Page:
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United States v. Schmutzler

United States District Court, M.D. Pennsylvania

April 27, 2015



William W. Caldwell, United States District Judge.

I. Introduction

We are considering a pro se motion filed by Defendant, Jeffrey Schmutzler, pursuant to 28 U.S.C. § 2255. Claiming numerous constitutional violations, Defendant asserts that his conviction and sentence should be vacated. For the reasons discussed below, we will deny Defendant’s motion.

II. Background

On April 3, 2013, Defendant was indicted for knowingly receiving and possessing child pornography in violation of 18 U.S.C. §§ 2252A(a)(2)(B) and (a)(5)(B), respectively. (Doc. 19). On July 29, 2013, represented by the Federal Public Defenders Office, Defendant entered a plea of guilty to count one of the indictment. (Doc. 55). Prior to sentencing, Defendant, represented by private counsel, filed a motion to withdraw his guilty plea. (Doc. 53). He argued that he should be permitted to withdraw his plea because his public defender failed to inform him of his right to challenge the indictment on grounds of selective prosecution. (Doc. 55). Defendant asserted that most child pornography offenses are prosecuted in state court and that he was only selected for prosecution in federal court because he was a teacher. (Id.). The Government, in response, claimed that Defendant was prosecuted in federal court because his case was part of a federal investigation and therefore subject to federal law, guidelines, and sentencing. (Doc. 56 at 14-15). This Court, finding no factual support or legal merit to Defendant’s argument, denied the motion. (Doc. 57). Thereafter, we sentenced Defendant to 108 months of imprisonment. (Doc. 67). On August 1, 2014, Defendant filed a direct appeal. (Doc. 66). The Third Circuit affirmed. (Id.).

In his 2255 motion, Defendant makes two arguments in an attempt to vacate his conviction and sentence. First, he again claims that he was selectively prosecuted. (Doc. 72). Second, he asserts that one of his privately retained attorneys provided ineffective assistance. (Id.).

III. Discussion

A. Standard of Review

Under 28 U.S.C. § 2255, a federal prisoner may file a motion challenging his conviction or sentence as being in violation of the federal constitution or federal law. See Massey v. United States, 581 F.3d 172, 174 (3d Cir. 2009). Pursuant to Rule 4(b) of the Rules Governing § 2255 proceedings, “[t]he judge that receives the motion must promptly examine it. If it plainly appears from the motion, any attached exhibits, and the record of prior proceedings that the moving party is not entitled to relief, the judge must dismiss the motion . . . .”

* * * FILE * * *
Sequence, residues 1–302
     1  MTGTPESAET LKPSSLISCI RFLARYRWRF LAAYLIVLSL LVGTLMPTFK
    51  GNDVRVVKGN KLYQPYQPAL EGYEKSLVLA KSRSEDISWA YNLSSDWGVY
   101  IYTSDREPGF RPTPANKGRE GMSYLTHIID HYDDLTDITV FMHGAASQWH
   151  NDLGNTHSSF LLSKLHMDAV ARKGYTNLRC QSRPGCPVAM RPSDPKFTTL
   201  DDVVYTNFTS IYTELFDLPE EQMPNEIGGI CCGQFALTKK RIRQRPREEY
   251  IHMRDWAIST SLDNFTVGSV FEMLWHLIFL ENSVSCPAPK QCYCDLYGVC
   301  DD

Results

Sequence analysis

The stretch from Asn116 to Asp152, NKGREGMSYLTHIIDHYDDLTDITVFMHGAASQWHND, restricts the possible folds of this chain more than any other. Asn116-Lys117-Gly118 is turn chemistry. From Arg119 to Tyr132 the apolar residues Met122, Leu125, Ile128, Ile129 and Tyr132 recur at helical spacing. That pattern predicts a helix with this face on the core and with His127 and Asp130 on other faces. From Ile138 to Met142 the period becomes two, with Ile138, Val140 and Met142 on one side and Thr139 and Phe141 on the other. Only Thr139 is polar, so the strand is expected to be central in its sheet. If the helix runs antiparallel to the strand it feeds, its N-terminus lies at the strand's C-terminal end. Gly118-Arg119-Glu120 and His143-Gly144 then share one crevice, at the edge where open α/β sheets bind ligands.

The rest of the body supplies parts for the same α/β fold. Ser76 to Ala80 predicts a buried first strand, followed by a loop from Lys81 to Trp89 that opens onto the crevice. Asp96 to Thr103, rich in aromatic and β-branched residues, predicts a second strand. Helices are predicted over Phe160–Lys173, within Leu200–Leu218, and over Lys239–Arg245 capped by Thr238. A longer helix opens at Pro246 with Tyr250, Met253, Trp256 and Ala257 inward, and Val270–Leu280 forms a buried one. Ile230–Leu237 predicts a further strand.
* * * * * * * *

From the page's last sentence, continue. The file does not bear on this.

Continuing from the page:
B. Selective Prosecution

This time, instead of arguing that he was prosecuted because of his occupation, Defendant claims that the Government’s decision to prosecute him in federal court, as opposed to state court, was based solely on the fact that he was implicated in a federal investigation. (Doc. 72). According to Defendant, this is an arbitrary factor and amounts to selective prosecution. (Id.). On this selective prosecution claim, Defendant hangs five separate grounds for relief: (1) he had ineffective assistance of counsel because his public defender never raised the selective prosecution defense; (2) his federal sentence violates the Equal Protection Clause because it was the result of unconstitutionally disparate treatment; (3) his substantive due process rights were violated because his federal sentence deprives him of his personal liberty longer than if he had been subject to state prosecution; (4) his procedural due process rights were violated because the Government did not adhere to its Petite Policy; and (5) the federal government interfered in the state’s authority to prosecute child pornography offenses, which violates the concept of federalism. (Id.). We find that Defendant’s selective prosecution claim does not entitle him to relief and his five grounds for relief must fail.[1]

Because the Constitution vests the duty to enforce the Nation’s laws in the Executive Branch, prosecutors have broad discretion in deciding against whom the laws will be enforced, and those decision are supported by a presumption of regularity. United States v. Armstrong, 517 U.S. 456, 464 (1996). A claim of selective prosecution asks a court to invade this “special province” of the Executive, dispel the presumption of regularity, and find that a prosecutorial decision violates the Constitution. Id. Accordingly, the burden is a demanding one. Id. at 463. To establish a claim of selective prosecution, the defendant must show by clear evidence that: (1) similarly situated individuals have not been prosecuted; and (2) that the decision to prosecute was made on the basis of an unjustifiable standard, such as race, religion, or some other arbitrary factor. Id.; United States v. Taylor, 686 F.3d 182, 196 (3d Cir. 2012).